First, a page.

[ uh-swoon ]
/ əˈswun /
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adjective, adverb
being in a swoon: the duchess aswoon on the couch in despair.
Were you ready for a quiz on this topic? Well, here it is! See how well you can differentiate between the uses of "was" vs. "were" in this quiz.
Question 1 of 7
“Was” is used for the indicative past tense of “to be,” and “were” is only used for the subjunctive past tense.

Origin of aswoon

1300–50; Middle English aswowe(n), aswowne, alteration (with initial vowel taken as a-1) of i swone(n), in swoue(n), reanalysis, as a prepositional phrase, of iswouen,Old English geswōgen fainted; see y-, swoon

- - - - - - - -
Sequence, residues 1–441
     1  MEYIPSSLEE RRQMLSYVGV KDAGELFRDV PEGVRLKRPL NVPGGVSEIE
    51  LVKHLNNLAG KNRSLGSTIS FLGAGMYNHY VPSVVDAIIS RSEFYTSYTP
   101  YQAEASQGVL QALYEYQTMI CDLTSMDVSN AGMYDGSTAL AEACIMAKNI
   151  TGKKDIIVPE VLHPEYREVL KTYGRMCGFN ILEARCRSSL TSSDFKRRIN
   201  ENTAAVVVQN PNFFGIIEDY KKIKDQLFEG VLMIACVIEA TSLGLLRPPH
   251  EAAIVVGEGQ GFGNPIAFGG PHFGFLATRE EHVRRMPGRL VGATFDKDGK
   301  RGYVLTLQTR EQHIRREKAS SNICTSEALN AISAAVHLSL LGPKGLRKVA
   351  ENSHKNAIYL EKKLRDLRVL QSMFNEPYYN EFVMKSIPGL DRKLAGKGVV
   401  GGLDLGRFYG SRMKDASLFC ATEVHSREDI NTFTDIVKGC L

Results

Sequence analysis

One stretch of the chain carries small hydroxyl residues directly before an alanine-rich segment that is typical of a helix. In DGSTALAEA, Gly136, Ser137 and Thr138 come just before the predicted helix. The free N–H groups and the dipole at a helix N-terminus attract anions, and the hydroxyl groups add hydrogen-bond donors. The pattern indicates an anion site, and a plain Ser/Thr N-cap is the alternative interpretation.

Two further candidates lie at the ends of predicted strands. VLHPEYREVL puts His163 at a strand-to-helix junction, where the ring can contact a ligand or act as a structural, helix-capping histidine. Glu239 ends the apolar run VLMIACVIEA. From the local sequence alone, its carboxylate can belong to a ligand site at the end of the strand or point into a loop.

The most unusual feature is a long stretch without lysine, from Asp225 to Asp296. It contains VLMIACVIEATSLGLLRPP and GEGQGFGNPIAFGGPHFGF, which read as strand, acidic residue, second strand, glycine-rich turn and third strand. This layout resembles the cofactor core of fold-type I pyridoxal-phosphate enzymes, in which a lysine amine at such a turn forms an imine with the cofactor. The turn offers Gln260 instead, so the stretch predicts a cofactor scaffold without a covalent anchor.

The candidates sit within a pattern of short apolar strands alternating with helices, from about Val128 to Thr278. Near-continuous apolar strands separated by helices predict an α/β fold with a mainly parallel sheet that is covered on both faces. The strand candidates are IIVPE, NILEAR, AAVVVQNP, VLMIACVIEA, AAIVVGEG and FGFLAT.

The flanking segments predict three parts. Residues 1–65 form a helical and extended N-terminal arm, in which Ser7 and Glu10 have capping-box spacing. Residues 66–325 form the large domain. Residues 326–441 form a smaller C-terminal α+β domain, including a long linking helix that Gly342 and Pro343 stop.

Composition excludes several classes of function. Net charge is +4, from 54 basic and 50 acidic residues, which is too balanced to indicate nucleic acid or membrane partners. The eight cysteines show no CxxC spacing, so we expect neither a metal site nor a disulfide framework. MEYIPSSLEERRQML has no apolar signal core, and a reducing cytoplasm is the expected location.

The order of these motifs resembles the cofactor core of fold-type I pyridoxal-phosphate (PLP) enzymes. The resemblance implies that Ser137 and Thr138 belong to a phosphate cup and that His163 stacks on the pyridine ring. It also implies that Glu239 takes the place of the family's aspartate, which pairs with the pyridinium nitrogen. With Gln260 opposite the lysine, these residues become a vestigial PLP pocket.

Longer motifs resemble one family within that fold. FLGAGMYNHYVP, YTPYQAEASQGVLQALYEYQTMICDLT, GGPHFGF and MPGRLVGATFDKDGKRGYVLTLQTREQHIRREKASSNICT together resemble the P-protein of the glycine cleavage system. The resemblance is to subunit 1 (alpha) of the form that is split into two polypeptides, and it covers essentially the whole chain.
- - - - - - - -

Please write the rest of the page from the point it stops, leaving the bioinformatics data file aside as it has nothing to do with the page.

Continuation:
Dictionary.com Unabridged Based on the Random House Unabridged Dictionary, © Random House, Inc. 2022

How to use aswoon in a sentence

  • She looked now like an Oread aswoon in the midday heats, pure of thought or dread or memory.

    Rest Harrow|Maurice Hewlett
  • Justice is fallen aswoon in the gate; and the long shadows of the evening are stretched out upon us.

  • He understood that she was nearly aswoon because he had suffered once.

    What Will People Say?|Rupert Hughes